Keenspot's homepage only linked to Keenspot-hosted strips… but these strips had a better chance to win over customers. The earliest version of the homepage, much like the present version, displayed a short paragraph about one strip, selected at random. This system gave every Keenspotter a fair shot at becoming popular.
And greater popularity meant a greater share of Keenspot's advertising profits.
For as long as there were profits.
Unfortunately, just as Keenspot was emerging, a storm was brewing that would eventually threaten its future. As Darren Bleuel massaged his aching wrists on the American West Coast, in the East, Federal Chairman Alan Greenspan was sitting at the head of a twenty-five-foot long table, affixing his signature.
Long story short, Greenspan ended his long endorsement of Internet speculation, and now openly worried that the dot-com boom's reach had exceeded its grasp. It was Groundhog Day, February 2, 2000, and Greenspan foresaw a long winter ahead.
On March 9, the Dow-Jones industrial average peaked at 10010.73; one day later, the NASDAQ peaked at 5048.62. And then the slump began.
Keenspot eventually abandoned the Doubleclick network for independent sponsors like Skotos Online Games, Cheapass Games and Pair Networks. But those sponsors couldn't stem the rising tide of hosting costs, and Keenspot went into the red in late 2001.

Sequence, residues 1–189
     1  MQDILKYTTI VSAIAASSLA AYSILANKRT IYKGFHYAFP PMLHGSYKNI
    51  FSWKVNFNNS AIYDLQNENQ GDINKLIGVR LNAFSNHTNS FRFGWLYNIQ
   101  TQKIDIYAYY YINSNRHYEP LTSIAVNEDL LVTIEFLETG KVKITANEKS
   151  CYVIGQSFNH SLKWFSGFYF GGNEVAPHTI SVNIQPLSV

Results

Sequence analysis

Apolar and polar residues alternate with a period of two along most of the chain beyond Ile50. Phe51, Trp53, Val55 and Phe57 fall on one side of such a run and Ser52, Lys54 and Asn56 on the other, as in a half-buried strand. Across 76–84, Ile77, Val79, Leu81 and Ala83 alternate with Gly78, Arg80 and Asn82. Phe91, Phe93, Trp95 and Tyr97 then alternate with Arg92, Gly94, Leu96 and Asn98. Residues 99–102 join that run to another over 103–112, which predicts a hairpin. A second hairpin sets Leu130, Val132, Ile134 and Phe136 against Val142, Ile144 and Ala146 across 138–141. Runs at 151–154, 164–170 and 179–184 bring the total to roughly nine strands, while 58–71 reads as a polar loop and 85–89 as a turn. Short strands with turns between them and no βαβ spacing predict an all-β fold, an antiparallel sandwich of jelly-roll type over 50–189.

For at least eighteen months, Keenspot creators simply went without paychecks.
Keenspot, like Yahoo and Salon, responded to the shift by diversifying past advertising. They bought a comic-book store, published a comic-book line for the direct sales market, and introduced a "premium" service offering bonus strips and ad-free pages to subscribers.
Of these, only Keenspot Premium has lasted to the present, and its original selling point â€“ special exclusive content â€“ has largely failed to attract attention, despite the efforts of four of its better cartoonists. (Melpomene, by Jamie Robertson and Clint Hollingsworth, is the last holdout still updating, and even its updates have been sporadic.)